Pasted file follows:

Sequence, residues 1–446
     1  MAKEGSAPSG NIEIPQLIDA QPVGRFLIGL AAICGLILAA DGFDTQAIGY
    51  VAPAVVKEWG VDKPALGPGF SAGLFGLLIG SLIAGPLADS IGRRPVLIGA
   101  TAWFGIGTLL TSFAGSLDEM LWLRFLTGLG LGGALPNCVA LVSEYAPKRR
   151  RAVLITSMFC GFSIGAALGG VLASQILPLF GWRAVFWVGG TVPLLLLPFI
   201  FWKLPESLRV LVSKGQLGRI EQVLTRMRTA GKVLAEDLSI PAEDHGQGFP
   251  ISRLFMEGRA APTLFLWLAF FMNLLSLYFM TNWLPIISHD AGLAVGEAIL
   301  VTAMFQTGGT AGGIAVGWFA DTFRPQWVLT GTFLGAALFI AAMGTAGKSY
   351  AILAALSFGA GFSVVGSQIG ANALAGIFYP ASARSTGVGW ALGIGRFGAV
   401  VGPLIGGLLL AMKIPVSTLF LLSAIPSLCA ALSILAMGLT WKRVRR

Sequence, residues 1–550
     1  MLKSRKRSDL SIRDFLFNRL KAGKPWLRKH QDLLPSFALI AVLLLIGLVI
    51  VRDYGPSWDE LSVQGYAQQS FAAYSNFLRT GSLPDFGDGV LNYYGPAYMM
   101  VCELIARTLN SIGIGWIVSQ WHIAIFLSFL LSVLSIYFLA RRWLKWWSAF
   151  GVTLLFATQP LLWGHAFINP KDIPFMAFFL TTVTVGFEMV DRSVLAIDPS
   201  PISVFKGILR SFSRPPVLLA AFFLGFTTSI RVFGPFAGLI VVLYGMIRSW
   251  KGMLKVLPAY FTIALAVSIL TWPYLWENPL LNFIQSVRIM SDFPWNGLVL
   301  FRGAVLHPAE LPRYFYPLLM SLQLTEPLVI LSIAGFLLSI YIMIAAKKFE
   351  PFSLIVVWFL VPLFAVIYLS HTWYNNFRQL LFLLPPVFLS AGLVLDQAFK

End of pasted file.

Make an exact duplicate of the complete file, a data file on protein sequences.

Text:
Sequence, residues 1–446
     1  MAKEGSAPSG NIEIPQLIDA QPVGRFLIGL AAICGLILAA DGFDTQAIGY
    51  VAPAVVKEWG VDKPALGPGF SAGLFGLLIG SLIAGPLADS IGRRPVLIGA
   101  TAWFGIGTLL TSFAGSLDEM LWLRFLTGLG LGGALPNCVA LVSEYAPKRR
   151  RAVLITSMFC GFSIGAALGG VLASQILPLF GWRAVFWVGG TVPLLLLPFI
   201  FWKLPESLRV LVSKGQLGRI EQVLTRMRTA GKVLAEDLSI PAEDHGQGFP
   251  ISRLFMEGRA APTLFLWLAF FMNLLSLYFM TNWLPIISHD AGLAVGEAIL
   301  VTAMFQTGGT AGGIAVGWFA DTFRPQWVLT GTFLGAALFI AAMGTAGKSY
   351  AILAALSFGA GFSVVGSQIG ANALAGIFYP ASARSTGVGW ALGIGRFGAV
   401  VGPLIGGLLL AMKIPVSTLF LLSAIPSLCA ALSILAMGLT WKRVRR

Sequence, residues 1–550
     1  MLKSRKRSDL SIRDFLFNRL KAGKPWLRKH QDLLPSFALI AVLLLIGLVI
    51  VRDYGPSWDE LSVQGYAQQS FAAYSNFLRT GSLPDFGDGV LNYYGPAYMM
   101  VCELIARTLN SIGIGWIVSQ WHIAIFLSFL LSVLSIYFLA RRWLKWWSAF
   151  GVTLLFATQP LLWGHAFINP KDIPFMAFFL TTVTVGFEMV DRSVLAIDPS
   201  PISVFKGILR SFSRPPVLLA AFFLGFTTSI RVFGPFAGLI VVLYGMIRSW
   251  KGMLKVLPAY FTIALAVSIL TWPYLWENPL LNFIQSVRIM SDFPWNGLVL
   301  FRGAVLHPAE LPRYFYPLLM SLQLTEPLVI LSIAGFLLSI YIMIAAKKFE
   351  PFSLIVVWFL VPLFAVIYLS HTWYNNFRQL LFLLPPVFLS AGLVLDQAFK